If there's one thing that makes me feel better, it's baking. But if there's one thing that makes me feel even better, it's baked cheesecake! And not just any old cheesecake... That's why I am so excited to introduce you to the infamous Basque Cheesecake. First created by a Spanish chef called Santiago Rivera in the early 90s, the care and detail might be the preparation while using very humble ingredients, however the standout feature is the scorched caramelised top and sides resulting in a caramel smoky flavour compliments the sweet creamy flavour. And while the flavours are rich and complex, the Basque Cheesecake is actually really simple to make.
Seeing as we are all spending a bit more time at home right now, I thought this would be the perfect recipe to share with you. But don't be fooled by it's gorgeous appearance because you only need a handful of ingredients, which you'll most likely already have at home. In fact, what I love most about this recipe is that its perfectly imperfect. While there may be no pastry involved, pulling down the sides of the burnt baking paper to reveal the scorched crinkly sides creates a lot of gorgeous drama. It's a beautiful moment you'll never forget. Read on for the recipe and happy baking! And remember, always read the recipe first and get your mise en place organised before starting. Trust me, it helps.
- 1kg cream cheese, room temperature
- 1 cup caster sugar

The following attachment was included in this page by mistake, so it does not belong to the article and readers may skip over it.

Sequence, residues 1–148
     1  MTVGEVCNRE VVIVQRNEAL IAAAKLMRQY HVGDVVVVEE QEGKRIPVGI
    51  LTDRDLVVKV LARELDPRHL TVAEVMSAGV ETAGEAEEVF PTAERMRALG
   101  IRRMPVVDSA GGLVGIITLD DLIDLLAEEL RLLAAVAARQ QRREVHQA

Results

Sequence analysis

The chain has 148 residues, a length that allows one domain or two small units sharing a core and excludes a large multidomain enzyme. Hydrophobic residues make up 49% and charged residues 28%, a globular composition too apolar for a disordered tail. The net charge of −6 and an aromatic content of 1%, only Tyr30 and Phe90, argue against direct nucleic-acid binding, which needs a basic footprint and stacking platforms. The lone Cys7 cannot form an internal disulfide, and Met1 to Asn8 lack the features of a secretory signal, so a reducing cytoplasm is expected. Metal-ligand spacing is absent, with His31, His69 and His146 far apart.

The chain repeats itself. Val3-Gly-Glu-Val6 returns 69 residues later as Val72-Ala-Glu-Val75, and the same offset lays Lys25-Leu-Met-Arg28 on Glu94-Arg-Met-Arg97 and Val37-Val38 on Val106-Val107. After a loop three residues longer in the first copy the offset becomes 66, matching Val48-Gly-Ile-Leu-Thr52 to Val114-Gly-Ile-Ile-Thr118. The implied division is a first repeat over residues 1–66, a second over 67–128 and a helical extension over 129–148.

- Pinch flaky sea salt
- 1/3 cup plain flour, sifted
- 4 eggs, room temperature
- 2 egg yolks, room temperature
- 375ml thick pouring cream
- Stand mixer
- Silicon spatula
- 20cm diameter springform cake tin
- Preheat oven to 200C. Line the cake tin with two sheets of baking paper. Cross them over each other and fold over the sides ensuring there is at least 5cm of overhang. Don't worry if it looks a bit messy as the creases will create the beautiful detail on the side of the cheesecake that it is so well known for.
- Add room temperature cream cheese to the stand mixer and using a paddle attachment beat on medium speed until smooth. You may need to scrape down the sides of the bowl to ensure the entire mixture is incorporated.
- Slowly add 1/4 cup of sugar at a time and beat until dissolved and smooth before adding the next 1/4 cup, about 20 seconds each time. You may need to scrape down the sides of the bowl to ensure the entire mixture is incorporated.
- Add salt and flour and beat on low speed until combined. Add one egg at a time and mix until combined, at least 10 seconds per egg. Repeat with the remaining 3 eggs and egg yolks until combined. You may need to scrape down the sides of the bowl.
- Slowly pour cream into mixture on low speed until combined and scrape down the sides of the bowl to ensure the mixture is silky smooth.
- Pour the cake mixture through the sieve and into the cake tin. Bake cheesecake for 45 mins. Increase the oven temperature to 240C and bake for another 15 to 25 mins until deeply golden brown on top and still very jiggly in the centre.
- Let the cheesecake cool for at least 15 minutes. You will notice the centre of the cake will fall as it cools, this is what you want to happen. Gently remove the side of the springform cake tin and let the cheesecake cool completely.
When the cheesecake is completely cooled carefully peel the baking paper away from the sides of the cheesecake. Slice into wedges and serve. Store covered in the fridge for up to 7 days. Also, Basque Cheesecake can be made one day ahead. Simply cover and chill in the fridge once it has cooled down. Slice and bring to room temperature before serving.
Ps. I got a bit distracted and left the cheesecake in the oven for a bit longer, so the centre didn't drop as dramatically as it normally would but that's ok because I'm only a home cook and these things happen. But I can confirm it smells like toasted caramel and tastes smoky, creamy and all things caramel.